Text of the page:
Carmakers might seem unlikely candidates to build ventilators for coronavirus victims. But in fact they may be quite well-suited to churn out the highly intricate medical devices that are in critically short supply.
Consider: They have vast supply chains, are staffed with skilled engineers used to building to exacting standards and sometimes use “clean rooms” in their factories. There’s even a similarity between some components of ventilators and cars, such as hoses.
While the companies face a huge challenge to show they can meet the overwhelming demand, they likely represent the best hope for President Donald Trump and other world leaders. And now the carmakers have no choice, anyway. Days after Ford Motor Co. and General Motors Co. said they would help produce the life-saving equipment, Trump stepped up a pressure campaign and on Friday invoked federal authority to accelerate output.
The unprecedented turn to carmakers underscores the powerful role they play in the global supply chain, overseeing vast networks of companies able to procure a wide variety of parts.
“They may not know how to make the ventilators, but they may be able to offer the scale that the ventilator manufacturers cannot,” said Nada Sanders, a professor of supply chain management at Northeastern University.
Besides Ford and GM, planemaker Airbus SE, electric-vehicle manufacturer Tesla Inc. and vacuum innovator Dyson Ltd. have all offered to help produce ventilators. Rice University said a team of engineering students collaborated with health design firm Metric Technologies to develop a prototype of a bag-valve mask ventilator that can be built for less than $300.
Alongside face masks and hand sanitizer, ventilators have become some of the most in-demand — and hard-to-find — products across the world. The machines use tubes to deliver oxygen to the lungs to patients who have trouble breathing on their own, a critical function in the pandemic of the respiratory coronavirus known as Covid-19.
In their simplest forms, ventilators can be hand-pumped. But the devices used at patient bedsides are often complex, using microprocessors, pumping systems, alarms and other technology. Those machines can cost upwards of $40,000.
Not every patient needs a top-of-the-line ventilator, though. About half of coronavirus patients needing help breathing can use a device with simpler functionality, which could presumably be made by automakers or other companies that don’t typically specialize in medical equipment, according to Dr. Rohith Malya, an emergency physician in Houston.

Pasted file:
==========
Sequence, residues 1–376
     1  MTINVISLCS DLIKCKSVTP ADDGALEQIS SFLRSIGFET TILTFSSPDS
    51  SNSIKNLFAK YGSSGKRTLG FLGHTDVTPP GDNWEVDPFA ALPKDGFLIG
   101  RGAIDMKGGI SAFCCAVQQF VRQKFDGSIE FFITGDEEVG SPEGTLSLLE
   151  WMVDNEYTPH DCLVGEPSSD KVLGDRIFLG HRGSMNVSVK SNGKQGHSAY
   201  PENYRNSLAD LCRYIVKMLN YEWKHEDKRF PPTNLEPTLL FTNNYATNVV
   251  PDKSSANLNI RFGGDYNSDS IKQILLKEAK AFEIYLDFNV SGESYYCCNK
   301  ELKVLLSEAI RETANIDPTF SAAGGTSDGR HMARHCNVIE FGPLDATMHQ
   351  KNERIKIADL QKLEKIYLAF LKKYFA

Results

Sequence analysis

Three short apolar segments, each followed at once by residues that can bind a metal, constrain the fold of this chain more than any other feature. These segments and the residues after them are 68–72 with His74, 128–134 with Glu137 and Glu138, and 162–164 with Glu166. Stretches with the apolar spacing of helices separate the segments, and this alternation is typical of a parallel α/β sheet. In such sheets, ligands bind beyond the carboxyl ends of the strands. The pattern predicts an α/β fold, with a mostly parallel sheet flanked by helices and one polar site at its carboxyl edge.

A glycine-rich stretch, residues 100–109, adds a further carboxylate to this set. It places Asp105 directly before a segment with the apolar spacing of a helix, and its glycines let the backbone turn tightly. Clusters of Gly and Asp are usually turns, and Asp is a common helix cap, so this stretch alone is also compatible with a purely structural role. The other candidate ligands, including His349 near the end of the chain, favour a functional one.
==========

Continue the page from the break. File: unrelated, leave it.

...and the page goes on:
“If you can engineer to a standard that’s hospital-grade, sure, go ahead,” he said. “If they have a production line and they know what they’re doing with industrial production, I don’t have a problem.”
Under an agreement announced last week, General Electric Co.’s healthcare division will offer its technical expertise to Ford, with the intention of having the automaker using its factories to build a “simplified version” of a GE ventilator. While GE’s product has multiple settings that ensure optimal performance targeted to the patient, the Ford-built version will likely have a single setting to provide more basic functionality and use fewer parts.
“There’s a lot of similarities between making any kind of device and an automobile,” Carla Bailo, chief executive officer of the Center for Automotive Research, said on Bloomberg Television. “Automakers have a huge supply base that can be engaged.”
GM has been working with Ventec Life Systems Inc. on potentially producing ventilators in Indiana. Trump on Friday invoked the Defense Production Act to force GM to make the devices, saying the company wasn’t moving fast enough. GM was frustrated over how long it was taking to finalize terms between the automaker, its partner Ventec and the federal government, said people familiar with the private deliberations.
Even with a simplified product, questions remain about whether carmakers can bring their strength to bear to produce the devices, especially as they accelerate output of something they don’t normally make. For one thing, some people, such as Royal Philips NV’s CEO Frans van Houten, have questioned whether suppliers can get all the necessary components on time.
And, of course, they’ll need to ensure the ventilators won’t harm patients, said Northeastern’s Sanders.
“With ventilators, we’re talking about some very complicated pieces of equipment,” she said. When it comes to manufacturing them to exacting specifications, “you have to be extraordinarily careful.”
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